The Australian Federal Court was the first and only court worldwide to decide that an artificial intelligence (AI) can be named as an inventor on a patent. However, on 13 April 2022, an enlarged five-judge bench of the Full Federal Court unanimously overturned that decision, finding that only a natural person could be an inventor under Australian law in Commissioner of Patents v Thaler  FCAFC 62.
In 2019, Dr Stephen Thaler filed a PCT application naming an AI machine known as DABUS (Device for the Autonomous Bootstrapping of Unified Sentience) as the inventor. Dr Thaler is the owner of the copyright in the DABUS source code and the computer on which DABUS operates, as well as being responsible for its maintenance and running costs.
Following entry into the Australian national phase,[i] the Patent Office found the application did not comply with the necessary formalities because it did not name a human inventor. The Deputy Commissioner of Patents found that the laws relating to who is entitled to grant of a patent are “not capable of sensible operation” when an AI is the inventor.[ii]
As discussed in our previous article, the Deputy Commissioner’s decision was overturned on appeal by Beach J of the Federal Court, who considered there is nothing in the Patents Act 1990 (Cth) (Act) to support a conclusion that an AI cannot be an inventor. His Honour was also satisfied that Dr Thaler derived title from DABUS under the common law principle of accession.[iii]
The formalities requirements for PCT applications entering the national phase in Australia include that the application must “provide the name of the inventor of the invention to which the application relates”.[iv]
Also central to the proceedings is subsection 15(1) of the Act, which provides that a patent for an invention may only be granted to a person who:
- is the inventor; or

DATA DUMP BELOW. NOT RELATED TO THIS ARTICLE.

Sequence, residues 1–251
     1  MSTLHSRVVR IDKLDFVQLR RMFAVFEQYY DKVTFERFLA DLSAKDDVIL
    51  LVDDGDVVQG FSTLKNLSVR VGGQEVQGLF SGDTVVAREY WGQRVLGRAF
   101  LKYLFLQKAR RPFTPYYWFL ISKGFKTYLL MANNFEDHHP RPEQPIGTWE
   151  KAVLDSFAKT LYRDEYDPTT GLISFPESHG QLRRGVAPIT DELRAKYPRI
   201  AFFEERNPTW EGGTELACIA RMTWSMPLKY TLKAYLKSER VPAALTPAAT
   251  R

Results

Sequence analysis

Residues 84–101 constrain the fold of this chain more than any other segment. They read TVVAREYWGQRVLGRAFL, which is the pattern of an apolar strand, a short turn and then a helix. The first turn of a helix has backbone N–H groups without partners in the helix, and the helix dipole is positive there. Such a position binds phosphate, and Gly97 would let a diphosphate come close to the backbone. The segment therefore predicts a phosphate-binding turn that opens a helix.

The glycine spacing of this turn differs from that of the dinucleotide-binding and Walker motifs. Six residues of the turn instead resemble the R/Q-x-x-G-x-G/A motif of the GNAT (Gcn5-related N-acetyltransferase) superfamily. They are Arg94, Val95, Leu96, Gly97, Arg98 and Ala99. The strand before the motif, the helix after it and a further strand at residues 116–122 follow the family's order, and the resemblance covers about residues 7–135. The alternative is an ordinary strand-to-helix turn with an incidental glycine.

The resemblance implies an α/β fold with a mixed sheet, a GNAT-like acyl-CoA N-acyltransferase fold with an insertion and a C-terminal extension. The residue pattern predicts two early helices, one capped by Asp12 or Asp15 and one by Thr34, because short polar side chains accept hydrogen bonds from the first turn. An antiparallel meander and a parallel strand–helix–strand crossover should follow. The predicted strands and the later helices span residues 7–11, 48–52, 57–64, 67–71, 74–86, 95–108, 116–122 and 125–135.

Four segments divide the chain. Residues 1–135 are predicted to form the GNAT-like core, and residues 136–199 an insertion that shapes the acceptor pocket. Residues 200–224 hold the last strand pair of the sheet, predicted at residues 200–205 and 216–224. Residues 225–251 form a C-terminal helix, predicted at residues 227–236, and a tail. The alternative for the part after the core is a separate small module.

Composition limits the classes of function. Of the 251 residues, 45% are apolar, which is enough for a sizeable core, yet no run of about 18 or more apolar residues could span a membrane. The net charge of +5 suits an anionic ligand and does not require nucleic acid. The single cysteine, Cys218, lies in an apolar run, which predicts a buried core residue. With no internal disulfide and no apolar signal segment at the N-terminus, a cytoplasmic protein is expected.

- would, on the grant of a patent for the invention, be entitled to have the patent assigned to the person; or
- derives title to the invention from the inventor or a person mentioned in paragraph (b); or
- is the legal representative of a deceased person mentioned in paragraph (a), (b) or (c).
However, there is no definition of “inventor” provided in the Act.
Full Court decision
Unlike the primary judge, the Full Court considered that a natural reading of subsection 15(1) required entitlement in the circumstances set out in paragraphs (b)-(d) to ultimately flow from the inventor defined in paragraph (a), who is a natural person.
In reaching its decision, the Full Court took into account not only the language of the Act but its underlying policy. In doing so, Their Honours considered it plain that “the law relating to the entitlement of a person to the grant of a patent is premised upon an invention for the purposes of the Patents Act arising from the mind of a natural person or persons,” whose contribution to the inventive conceptive was intended be rewarded by grant of patent.
However, while the Full Court did not consider the Act, case law or underlying policy supported a conclusion that an “inventor” for the purposes of the Act can be anything other than a natural person, it nonetheless appreciated the imperative for policy makers to address the issue “with some urgency”. In that regard, Their Honours identified a number of issues for consideration, including the role of the “skilled person” in the assessment of inventive step (and support / enablement), and how the ground of revocation for false suggestion or misrepresentation would operate when an AI is the inventor.
With the Full Court’s decision, Australia joins the UK, European and US courts, as well as various patent offices (see our previous article on the New Zealand Patent Office’s decision), in rejecting AI as an inventor. However, the Full Court did not rule out the possibility of AI-generated inventions being patentable.
Although controversial, the first instance decision by Beach J appeared to appreciate the importance of AI in driving innovation in a number of sectors, including the pharmaceutical industry. Indeed, His Honour believed it would be the antithesis of the object of the Act to deny AI inventor status.
It is likely Dr Thaler will apply for special leave to appeal to the High Court, so stay tuned for further developments in relation to this case and any associated legislative reform in Australia. If you have any questions in the meantime, please contact Dr Claire Gregg.
[i] The Australian patent application, AU 2019363177, was filed by Davies Collison Cave on behalf of Dr Thaler
[ii] Stephen L. Thaler  APO 5
[iii] Thaler v Commissioner of Patents  FCA 879
[iv] Patents Regulations 1991 (Cth), reg 3.2C(2)(aa)